Anyone who has ever lost a loved one, whether it be by death or distance, knows this. As does George Falconer (Colin Firth), a heartbroken man confronting a life alone after the death of his lover, Jim, played by Matthew Goode, in Tom Ford’s A Single Man.
George is a man adrift. Since Jim’s death he has been barely keeping his head above water (it is no coincidence that a recurring motif in the film involves a shot of George, naked, in a body of water) and has finally concluded that this must end. Today is the day that he will end his life. It is this day that the film revolves around, following George as he forces himself out of bed. He dresses, spends some time watching his neighbours from the privacy of his toilet — and then begins to make the necessary preparations to end his life.
In the course of these tasks, George visits the bank to put his affairs in order and there, he retrieves a nude photograph of Jim from his safe deposit box. As he studies the image, a flashback takes us to a happier time as George and Jim lay entwined on a beach and discuss relationships — theirs, and that of George’s with his longtime friend Charley (Julianne Moore), a boozy, overly coiffed and made-up blonde with whom he once had a brief sexual affair. When Jim wonders why it is that George did not continue his affair with Charley, George tells him that he falls in love with men, and more precisely that he fell in love with him.
Later, when George visits Charley, she drunkenly reveals that she thinks that while he loved Jim, their relationship was a substitute for something else, something real. Naturally, George is offended by this. In fact, this is perhaps the defining statement of A Single Man: love is love. It is irrelevant that the love here was between two men. Jim was George’s one true love, and they loved each other for sixteen years. If that doesn’t count, what does? Does it make George’s reality any less painful?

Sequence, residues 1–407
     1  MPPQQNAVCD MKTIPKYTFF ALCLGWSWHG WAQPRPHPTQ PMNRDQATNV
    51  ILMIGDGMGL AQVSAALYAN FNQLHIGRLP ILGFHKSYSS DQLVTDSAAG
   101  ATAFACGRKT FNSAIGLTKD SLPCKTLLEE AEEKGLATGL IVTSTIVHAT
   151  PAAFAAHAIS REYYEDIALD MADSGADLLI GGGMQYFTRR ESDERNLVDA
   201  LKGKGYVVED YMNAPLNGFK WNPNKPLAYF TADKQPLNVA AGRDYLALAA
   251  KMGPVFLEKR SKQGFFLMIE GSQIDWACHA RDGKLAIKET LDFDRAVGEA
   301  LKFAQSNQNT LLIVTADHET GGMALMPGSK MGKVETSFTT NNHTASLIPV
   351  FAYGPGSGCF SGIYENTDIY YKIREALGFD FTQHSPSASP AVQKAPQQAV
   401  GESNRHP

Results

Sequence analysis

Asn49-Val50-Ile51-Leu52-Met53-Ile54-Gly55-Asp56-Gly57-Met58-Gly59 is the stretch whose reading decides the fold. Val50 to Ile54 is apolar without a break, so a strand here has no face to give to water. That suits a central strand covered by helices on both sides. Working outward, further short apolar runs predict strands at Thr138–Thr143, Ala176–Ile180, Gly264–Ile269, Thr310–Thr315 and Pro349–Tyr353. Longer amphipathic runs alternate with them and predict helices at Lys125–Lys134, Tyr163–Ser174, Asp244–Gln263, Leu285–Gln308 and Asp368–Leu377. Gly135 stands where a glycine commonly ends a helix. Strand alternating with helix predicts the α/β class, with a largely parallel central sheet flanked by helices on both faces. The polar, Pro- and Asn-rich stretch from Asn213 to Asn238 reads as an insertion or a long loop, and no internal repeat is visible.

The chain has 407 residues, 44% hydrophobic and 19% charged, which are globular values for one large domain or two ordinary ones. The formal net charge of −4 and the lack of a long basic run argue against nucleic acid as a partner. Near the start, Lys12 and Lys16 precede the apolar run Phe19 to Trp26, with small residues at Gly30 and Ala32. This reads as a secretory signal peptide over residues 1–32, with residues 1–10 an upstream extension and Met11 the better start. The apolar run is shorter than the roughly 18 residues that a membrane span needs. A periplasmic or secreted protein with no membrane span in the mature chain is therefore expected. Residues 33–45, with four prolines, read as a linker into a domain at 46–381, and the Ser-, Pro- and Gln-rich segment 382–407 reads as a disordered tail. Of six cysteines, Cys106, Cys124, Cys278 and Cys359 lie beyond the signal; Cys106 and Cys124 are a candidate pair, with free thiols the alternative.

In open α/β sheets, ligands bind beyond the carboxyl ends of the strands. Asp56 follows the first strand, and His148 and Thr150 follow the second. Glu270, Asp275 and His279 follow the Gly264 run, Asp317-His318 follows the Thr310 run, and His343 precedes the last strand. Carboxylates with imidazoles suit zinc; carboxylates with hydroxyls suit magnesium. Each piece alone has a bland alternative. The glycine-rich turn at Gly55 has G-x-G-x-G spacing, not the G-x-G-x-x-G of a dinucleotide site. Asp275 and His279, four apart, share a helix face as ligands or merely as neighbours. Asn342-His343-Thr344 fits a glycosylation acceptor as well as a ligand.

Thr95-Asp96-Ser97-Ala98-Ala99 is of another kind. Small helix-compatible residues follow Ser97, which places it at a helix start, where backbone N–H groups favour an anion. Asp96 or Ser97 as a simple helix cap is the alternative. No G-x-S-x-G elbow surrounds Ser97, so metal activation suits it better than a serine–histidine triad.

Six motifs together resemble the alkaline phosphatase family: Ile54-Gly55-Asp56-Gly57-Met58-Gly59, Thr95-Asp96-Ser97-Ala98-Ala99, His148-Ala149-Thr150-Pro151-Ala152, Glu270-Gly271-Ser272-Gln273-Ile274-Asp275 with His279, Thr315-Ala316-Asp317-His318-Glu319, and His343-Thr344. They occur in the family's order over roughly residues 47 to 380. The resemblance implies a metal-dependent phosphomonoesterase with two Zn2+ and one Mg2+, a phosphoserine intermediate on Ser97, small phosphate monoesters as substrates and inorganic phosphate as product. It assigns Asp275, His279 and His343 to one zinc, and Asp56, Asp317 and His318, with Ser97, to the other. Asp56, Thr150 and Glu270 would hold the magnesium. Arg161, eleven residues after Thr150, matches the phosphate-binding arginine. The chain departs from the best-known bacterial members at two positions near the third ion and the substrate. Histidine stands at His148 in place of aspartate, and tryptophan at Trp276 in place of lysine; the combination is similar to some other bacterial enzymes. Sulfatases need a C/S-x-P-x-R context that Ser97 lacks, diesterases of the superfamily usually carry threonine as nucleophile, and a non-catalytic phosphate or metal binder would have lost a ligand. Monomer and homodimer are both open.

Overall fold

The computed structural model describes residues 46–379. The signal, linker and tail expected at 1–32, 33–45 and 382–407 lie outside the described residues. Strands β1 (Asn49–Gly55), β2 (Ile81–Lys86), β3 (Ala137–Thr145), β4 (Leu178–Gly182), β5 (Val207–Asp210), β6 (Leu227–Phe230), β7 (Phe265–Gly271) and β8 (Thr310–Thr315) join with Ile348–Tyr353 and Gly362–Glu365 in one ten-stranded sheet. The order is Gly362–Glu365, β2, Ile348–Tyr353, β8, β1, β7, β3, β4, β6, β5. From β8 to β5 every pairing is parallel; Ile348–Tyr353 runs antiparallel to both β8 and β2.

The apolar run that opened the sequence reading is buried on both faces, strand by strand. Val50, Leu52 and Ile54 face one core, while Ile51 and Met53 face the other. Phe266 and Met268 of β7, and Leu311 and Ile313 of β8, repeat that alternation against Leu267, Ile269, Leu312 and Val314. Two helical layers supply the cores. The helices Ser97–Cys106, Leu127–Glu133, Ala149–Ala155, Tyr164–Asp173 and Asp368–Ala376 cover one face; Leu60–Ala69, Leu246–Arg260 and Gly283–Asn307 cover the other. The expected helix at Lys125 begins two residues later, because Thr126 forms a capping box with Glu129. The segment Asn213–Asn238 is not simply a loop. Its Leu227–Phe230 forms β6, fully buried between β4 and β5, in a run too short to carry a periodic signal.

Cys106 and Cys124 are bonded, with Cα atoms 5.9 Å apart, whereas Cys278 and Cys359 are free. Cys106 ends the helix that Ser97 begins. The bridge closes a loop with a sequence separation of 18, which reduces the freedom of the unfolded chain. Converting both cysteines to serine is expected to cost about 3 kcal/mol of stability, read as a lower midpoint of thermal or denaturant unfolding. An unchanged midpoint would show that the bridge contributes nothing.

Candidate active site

George continues to grieve, ignoring the possibility of new relationships and a new beginning, offered first in a random encounter outside a liquor store and then with one of his students, Kenny (Nicholas Hoult, who has certainly survived the curse of childhood fame — he was previously seen in About a Boy). Despite a tender encounter with Kenny, George cannot escape the pain of Jim’s death.
Firth’s performance is subtle and layered; George maintains an aloof facade that he has probably spent a lifetime perfecting, but he uses it now to contain the grief he lives with. Firth never breaks from this in the “now” of George’s life, and his restraint makes the story.
And Ford’s direction makes the film. The washed out colour of the present day juxtaposes perfectly with the vibrancy of the flashbacks to George’s life with Jim. A fashion photographer, Ford obviously has an eye for detail, and the choices here, both in the direction and visual imagery of the film as well as set and costume, reflect his background and the mood that he chose to project in A Single Man.
Such attention to detail is evident also in the twist at the film’s conclusion. It is ultimately not one that is senseless. George is heartbroken. One way or the other, this much is clear: that is no way to live.